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Brands and Branding (1st Edition) (The Economist) by Rita Clifton, John Simmons

By Rita Clifton, John Simmons

Manufacturers this present day are key engines of financial energy. faraway from being a superficial or beauty communications workout, manufacturers became a imperative organizing precept in the back of many formidable businesses. This authoritative publication comprises contributions from many of the field's prime practitioners, lecturers, and specialists, analysing the character and merits of manufacturers - rather by way of their sustainable enterprise price and their wider social benefits. this is often the definitive company publication on manufacturers and branding. It not just explains the commercial energy and significance of manufacturers, but in addition will body considering at the top perform of branding now and for the longer term.

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Example text

The South African government threatened to overrule their patents and allow local manufacturers to produce the drugs, unless these companies reduced their prices, which – after negotiations that involved Oxfam, itself a conspicuous brand – they eventually did. Even the mighty Coca-Cola has been brought up short by inattention to the particular needs and sensitivities of its stakeholders. In 1999 it was forced to withdraw Coke from the Belgian market following a contamination scare. The scare was dealt with quickly and efficiently, but it succeeded in attracting a great deal of attention.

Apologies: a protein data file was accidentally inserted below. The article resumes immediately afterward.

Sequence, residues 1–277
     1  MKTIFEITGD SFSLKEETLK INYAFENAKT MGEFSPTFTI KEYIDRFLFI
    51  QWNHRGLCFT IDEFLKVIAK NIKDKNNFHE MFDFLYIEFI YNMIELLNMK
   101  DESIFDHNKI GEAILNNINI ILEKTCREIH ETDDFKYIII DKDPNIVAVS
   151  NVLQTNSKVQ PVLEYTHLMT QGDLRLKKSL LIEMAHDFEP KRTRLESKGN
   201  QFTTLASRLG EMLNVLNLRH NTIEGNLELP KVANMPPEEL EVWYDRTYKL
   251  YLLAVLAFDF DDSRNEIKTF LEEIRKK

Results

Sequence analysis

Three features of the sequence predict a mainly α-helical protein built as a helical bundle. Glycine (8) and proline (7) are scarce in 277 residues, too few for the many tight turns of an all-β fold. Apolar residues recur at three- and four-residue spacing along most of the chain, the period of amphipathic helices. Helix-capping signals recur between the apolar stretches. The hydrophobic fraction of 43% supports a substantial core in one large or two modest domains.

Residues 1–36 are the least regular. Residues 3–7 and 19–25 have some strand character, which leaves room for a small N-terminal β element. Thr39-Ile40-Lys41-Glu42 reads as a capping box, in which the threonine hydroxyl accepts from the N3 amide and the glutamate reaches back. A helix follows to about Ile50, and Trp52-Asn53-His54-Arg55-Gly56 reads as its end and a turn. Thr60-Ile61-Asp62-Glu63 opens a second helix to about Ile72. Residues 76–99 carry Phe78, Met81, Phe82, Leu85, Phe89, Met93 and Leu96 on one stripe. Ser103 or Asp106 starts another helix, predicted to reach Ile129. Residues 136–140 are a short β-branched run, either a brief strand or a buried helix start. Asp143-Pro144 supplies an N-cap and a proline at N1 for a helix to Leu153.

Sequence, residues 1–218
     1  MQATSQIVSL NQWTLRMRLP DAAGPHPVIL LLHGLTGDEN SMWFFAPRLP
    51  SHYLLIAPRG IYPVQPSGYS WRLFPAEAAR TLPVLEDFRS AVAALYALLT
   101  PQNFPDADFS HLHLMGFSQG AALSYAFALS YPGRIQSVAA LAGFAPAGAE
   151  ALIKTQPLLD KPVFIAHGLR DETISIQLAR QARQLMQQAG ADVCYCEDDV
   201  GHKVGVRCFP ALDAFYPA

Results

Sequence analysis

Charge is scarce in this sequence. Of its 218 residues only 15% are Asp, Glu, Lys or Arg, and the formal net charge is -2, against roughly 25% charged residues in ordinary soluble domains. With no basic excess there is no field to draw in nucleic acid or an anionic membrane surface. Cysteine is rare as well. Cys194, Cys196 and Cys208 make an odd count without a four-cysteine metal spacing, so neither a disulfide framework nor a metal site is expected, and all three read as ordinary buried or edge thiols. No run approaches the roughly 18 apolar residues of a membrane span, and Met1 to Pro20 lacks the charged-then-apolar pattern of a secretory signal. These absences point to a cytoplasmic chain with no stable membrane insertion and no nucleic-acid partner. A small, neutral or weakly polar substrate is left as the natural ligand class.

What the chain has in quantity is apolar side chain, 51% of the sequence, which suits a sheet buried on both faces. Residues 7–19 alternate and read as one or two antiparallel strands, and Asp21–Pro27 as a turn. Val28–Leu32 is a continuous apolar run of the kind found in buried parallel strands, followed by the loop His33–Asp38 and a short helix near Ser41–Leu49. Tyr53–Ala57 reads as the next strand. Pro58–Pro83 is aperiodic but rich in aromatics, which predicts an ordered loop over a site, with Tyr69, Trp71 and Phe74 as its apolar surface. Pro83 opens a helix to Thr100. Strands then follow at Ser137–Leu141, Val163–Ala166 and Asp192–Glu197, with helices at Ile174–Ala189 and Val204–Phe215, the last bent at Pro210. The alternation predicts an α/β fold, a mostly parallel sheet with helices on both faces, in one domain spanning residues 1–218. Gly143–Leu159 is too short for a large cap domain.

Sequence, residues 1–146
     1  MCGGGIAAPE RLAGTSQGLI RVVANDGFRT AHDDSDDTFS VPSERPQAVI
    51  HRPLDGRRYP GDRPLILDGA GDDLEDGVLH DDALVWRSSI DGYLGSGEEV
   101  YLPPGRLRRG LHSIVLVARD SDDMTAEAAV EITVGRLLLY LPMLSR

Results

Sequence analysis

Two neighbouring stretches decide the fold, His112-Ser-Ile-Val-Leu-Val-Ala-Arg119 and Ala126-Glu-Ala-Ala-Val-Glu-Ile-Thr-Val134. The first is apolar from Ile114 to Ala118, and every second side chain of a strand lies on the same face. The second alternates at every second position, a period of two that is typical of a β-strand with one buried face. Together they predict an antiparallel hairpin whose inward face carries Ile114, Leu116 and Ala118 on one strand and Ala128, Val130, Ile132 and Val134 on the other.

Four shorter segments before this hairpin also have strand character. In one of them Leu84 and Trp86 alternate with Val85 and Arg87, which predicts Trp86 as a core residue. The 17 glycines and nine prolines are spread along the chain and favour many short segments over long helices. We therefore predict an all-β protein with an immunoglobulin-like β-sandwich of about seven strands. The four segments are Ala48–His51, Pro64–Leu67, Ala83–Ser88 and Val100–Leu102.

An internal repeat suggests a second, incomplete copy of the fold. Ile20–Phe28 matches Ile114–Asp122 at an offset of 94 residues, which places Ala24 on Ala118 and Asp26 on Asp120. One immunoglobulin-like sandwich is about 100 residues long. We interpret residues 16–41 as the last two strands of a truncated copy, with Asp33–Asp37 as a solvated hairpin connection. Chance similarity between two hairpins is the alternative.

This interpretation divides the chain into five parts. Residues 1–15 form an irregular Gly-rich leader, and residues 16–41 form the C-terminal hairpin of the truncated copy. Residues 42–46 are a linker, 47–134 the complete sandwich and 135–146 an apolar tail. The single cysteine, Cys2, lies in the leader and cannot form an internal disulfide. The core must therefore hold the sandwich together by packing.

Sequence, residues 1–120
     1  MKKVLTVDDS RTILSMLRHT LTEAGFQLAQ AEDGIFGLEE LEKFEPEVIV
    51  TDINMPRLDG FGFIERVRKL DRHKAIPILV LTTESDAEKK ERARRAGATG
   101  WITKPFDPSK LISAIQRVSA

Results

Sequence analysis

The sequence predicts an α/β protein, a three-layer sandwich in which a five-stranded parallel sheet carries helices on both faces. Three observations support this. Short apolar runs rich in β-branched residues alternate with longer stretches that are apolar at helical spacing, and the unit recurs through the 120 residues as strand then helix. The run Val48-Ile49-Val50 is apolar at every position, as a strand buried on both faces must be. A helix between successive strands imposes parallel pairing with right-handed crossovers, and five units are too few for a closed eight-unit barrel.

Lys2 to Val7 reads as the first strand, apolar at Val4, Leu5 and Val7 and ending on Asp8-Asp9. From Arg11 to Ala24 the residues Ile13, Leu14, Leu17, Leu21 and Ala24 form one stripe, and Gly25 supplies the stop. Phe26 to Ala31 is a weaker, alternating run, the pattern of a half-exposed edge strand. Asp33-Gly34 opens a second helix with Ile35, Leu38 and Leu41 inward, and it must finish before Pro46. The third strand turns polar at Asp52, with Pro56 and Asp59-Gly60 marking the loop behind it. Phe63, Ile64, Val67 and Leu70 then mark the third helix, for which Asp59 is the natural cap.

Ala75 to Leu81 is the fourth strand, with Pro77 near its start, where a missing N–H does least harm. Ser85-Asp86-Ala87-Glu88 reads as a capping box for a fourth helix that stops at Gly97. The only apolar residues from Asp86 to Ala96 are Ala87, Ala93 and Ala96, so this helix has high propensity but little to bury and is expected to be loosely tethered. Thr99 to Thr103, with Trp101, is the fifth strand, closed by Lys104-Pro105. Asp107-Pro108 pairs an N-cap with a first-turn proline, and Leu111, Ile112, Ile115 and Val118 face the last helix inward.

Approaches that are driven exclusively by brand equity measures or financial measures lack either the financial or the marketing component to provide a complete and robust assessment of the economic value of brands. The economic use approach, which was developed in 1988, combines brand equity and financial measures, and has become the most widely recognised and accepted methodology for brand valuation. It has been used in more than 3,500 brand valuations worldwide. The economic use approach is based on fundamental marketing and financial principles: The marketing principle relates to the commercial function that brands perform within businesses.

The explosion of branding The scale of adoption of branding has been breathtaking. An activity that for three-quarters of the 20th century was mainly confined to consumer goods and services now features in industrial and business-tobusiness sectors, the public and voluntary sectors, utilities and non-governmental organisations. Within the consumer sector, the development of technology has added thousands of new products and services: computer games, laptops, mobile telephones, the internet and the myriad services it distributes.

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